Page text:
Saturday, November 19, 2011

A Hays Town: Sketches

Always a popular topic, looking at the architecture of Louisiana’s A Hays Town, even repeated viewings never fail to reveal a previously unnoticed nuance so common to the work of Mr Town. One can spend hours poring over designs, sketches and photographs, but unfortunately the material available to enjoy that hobby is often hard to find. One of the hard-to-find books that offers a treasure of architectural sketches is a 1985 limited printing of The Architectural Style of A. Hays Town, which includes 106 sketches in colored pencil of the architect’s projects.

From the book’s introduction written by Blanche Town Gladney…

A Hays Town developed his own unique style, calling on his background experiences and his God-given artistic ability. His travels to Europe, Mexico, Central America and other parts of the United States were educational experiences. He always returned with sketch books filled with architectural details that he found interesting. Years of studying and measuring the antebellum mansions of the south, roaming the streets and parks of New Orleans and living the impressionable time of childhood in Acadian country all contributed to the culmination of a style indigenous to his part of the world.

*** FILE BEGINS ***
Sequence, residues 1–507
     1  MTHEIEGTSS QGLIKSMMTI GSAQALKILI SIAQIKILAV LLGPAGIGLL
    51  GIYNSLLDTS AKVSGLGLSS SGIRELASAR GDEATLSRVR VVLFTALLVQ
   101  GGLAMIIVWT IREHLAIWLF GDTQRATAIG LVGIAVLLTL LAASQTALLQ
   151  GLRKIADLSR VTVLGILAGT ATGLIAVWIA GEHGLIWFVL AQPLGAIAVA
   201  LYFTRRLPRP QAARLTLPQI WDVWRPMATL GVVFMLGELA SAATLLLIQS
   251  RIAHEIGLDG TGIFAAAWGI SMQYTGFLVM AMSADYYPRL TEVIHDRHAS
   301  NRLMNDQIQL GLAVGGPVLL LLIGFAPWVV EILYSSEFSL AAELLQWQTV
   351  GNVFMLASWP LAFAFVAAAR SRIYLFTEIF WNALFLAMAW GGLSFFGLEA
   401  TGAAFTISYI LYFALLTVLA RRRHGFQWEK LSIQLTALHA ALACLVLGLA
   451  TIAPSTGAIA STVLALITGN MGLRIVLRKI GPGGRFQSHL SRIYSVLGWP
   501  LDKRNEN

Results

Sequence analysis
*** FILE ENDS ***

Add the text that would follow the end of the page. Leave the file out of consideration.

The demolitions yards in New Orleans became inured to seeing elegant ladies with Mr Town poking into the nether region of the yards, selecting blinds, bricks, wood and beams. An innovator of the use of these old materials, he liked the softness and interest the old materials gave to his houses. He felt that they added an element of warmth and hospitality to a family’s home. Local millwork shops retooled their machinery to run moldings and muntins to his specifications. His abundant use of windows and French doors in these traditional houses brought in the outside whenever possible, making the rooms seem part of the outdoors.

A signed copy of the book: “Best Wishes A Hays Town”

The Freeman House, Baton Rouge, Louisiana 1964

The Smith House, Baton Rouge, Louisiana 1967

The Marchman House, Monroe, Louisiana 1970

The Ellison Law Office, Baton Rouge, Louisiana 1976

For more on A Hays Town look here and here.

1 comment:

  1. I agree. One never tires of looking over the designs of A. Hays Town. Every building or house is so much a part of the environment around them. And there is added pleasure in living in a town where so many of his structures stand and add so much to the architectural landscape.


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Oak Hill, Florida, United States
A longtime expat relearning the footwork of life in America